Today’s post is a reposting of an earlier article written by M Marie Maxwell, an Archives Specialist in the Archives Processing & Holdings Security Branch in Washington, DC. This was originally posted on November 28, 2014.
Earlier this month millions of Americans voted. Voting is one of the hallmarks of our democracy, and one method to make elected officials accountable to the people. Government accountability, for the elected and the unelected, is also found through peaceful protest, letters, petitions, journalistic exposés, court actions and other expressions of complaint and praise, such as the civil rights movement. The 20th century fight for civil rights, the struggle against unfair treatment by governing authorities was not just the big cases and marches we remember. It was also made up of smaller battles, like that found in the Transcripts of the National Association for the Advancement of Colored People v. Chief of Police Robert V. Murray and the Metropolitan Police Department of the District of Columbia, 1957 (NAID 12527082, entry P 48), from Record Group 351, Records of the Government of the District of Columbia.
At the time this event took place, the District of Columbia, also known as Washington, DC was governed by a three man Board of Commissioners, appointed by the President of the United States. It is from the Board of Commissioners’ transcripts we have the words of people seeking accountability from their government. Their interests were represented by the National Association for the Advancement of Colored People, also called the NAACP who brought before the Commission charges against the city’s police chief and the police department of discriminatory racial bias against African Americans.
Through several days of hearings, experts, criminals, policemen, and community leaders testify on the condition of the police department and its practices. Transcripts read like a script, where you can read what each person says in the record. In the October 29, 1957 hearing, E. Lewis Ferrell, for the NAACP questioned Harry R. Chase, a Sanitary Engineering employee, about a mishap where a police officer struck him:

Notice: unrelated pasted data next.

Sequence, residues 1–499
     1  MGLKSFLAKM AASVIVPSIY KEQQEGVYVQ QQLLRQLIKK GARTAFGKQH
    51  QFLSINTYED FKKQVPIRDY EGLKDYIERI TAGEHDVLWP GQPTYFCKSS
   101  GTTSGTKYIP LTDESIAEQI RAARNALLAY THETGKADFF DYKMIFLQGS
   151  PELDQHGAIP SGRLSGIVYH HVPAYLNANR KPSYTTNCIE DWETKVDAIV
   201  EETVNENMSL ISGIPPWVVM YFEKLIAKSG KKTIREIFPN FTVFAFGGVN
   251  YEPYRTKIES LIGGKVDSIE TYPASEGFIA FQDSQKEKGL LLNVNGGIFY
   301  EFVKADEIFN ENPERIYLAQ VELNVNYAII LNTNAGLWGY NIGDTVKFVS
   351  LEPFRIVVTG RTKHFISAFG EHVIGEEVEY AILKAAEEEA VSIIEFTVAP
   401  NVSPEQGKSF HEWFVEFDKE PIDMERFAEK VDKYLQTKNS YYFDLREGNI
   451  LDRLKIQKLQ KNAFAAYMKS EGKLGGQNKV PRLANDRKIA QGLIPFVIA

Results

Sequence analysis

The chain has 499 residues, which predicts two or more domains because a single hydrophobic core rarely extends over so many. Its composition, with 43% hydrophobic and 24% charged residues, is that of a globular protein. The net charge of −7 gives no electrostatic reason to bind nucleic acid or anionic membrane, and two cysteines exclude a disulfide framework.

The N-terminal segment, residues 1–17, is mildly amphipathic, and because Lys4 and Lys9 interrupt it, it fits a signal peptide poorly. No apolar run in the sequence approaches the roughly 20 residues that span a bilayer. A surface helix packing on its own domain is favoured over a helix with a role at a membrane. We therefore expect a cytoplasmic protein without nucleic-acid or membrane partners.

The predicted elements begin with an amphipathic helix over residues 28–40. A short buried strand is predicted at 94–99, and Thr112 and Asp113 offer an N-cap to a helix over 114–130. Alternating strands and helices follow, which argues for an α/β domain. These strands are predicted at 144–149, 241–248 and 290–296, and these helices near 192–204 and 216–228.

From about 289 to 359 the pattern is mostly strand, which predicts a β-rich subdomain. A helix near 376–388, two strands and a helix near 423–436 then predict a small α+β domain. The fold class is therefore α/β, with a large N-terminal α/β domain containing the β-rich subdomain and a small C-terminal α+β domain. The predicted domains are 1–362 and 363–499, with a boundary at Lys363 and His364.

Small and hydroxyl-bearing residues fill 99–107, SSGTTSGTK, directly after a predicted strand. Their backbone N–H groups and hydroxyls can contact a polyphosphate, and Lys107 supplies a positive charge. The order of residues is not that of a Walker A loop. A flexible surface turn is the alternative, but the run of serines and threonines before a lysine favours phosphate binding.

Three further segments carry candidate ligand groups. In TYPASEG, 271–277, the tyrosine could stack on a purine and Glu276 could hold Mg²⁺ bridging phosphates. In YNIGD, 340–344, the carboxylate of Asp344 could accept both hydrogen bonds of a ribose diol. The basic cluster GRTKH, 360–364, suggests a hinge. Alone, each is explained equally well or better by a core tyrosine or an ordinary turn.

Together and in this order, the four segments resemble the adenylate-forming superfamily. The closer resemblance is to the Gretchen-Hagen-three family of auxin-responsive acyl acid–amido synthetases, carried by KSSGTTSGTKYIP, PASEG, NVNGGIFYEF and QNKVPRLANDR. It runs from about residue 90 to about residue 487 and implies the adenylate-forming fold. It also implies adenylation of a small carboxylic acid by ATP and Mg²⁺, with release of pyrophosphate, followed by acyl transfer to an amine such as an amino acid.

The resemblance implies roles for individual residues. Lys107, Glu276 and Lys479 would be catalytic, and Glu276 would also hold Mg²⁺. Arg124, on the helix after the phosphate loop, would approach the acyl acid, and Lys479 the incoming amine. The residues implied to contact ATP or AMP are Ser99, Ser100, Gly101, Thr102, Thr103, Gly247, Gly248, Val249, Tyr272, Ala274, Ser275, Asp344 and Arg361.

Q. You mentioned some bleeding. Where were you bleeding?
A. From my mouth and head.
Q. And how did your mouth get hurt?
A. Well, his blackjack hit me up in here (demonstrating), and my tooth came through my lip.
Chase was also questioned by Roger Robb, council for Robert V. Murray, the Chief of Police about a statement Chase signed. Robb read the statement into the record:
MR. ROBB: “2655 Birney St. S.E. Apt. 204
Harry Chase at 7 P.M. Tues. Oct. 15, 57 said he did not wish to make a statement as he thought the motorcycle officer was a pretty good fellow & there was just a misunderstanding at that time. He said he thought the motor-man was a Perfect Gentleman.
/s/ Harry R. Chase
Area newspapers covered the hearings (not included in the series), and their articles give a sense of how well the NAACP presented their case. For example, in a November 17, 1957 Washington Post article, “Police Quiz Called Blow to NAACP”, Commissioner Robert E. McLaughlin remarked that he found the evidence presented, “scanty”. McLaughlin did say that the Board of Commissioners would consider a six-point program suggested by the NAACP, part of which included more active hiring of African Americans in the police force. Evidence of a greater effort by the Board of Commissioners to integrate the DC government workforce and hire African Americans can be found in the John B. Duncan Papers, 1951-1968 (NAID 12052591), also in Record Group 351.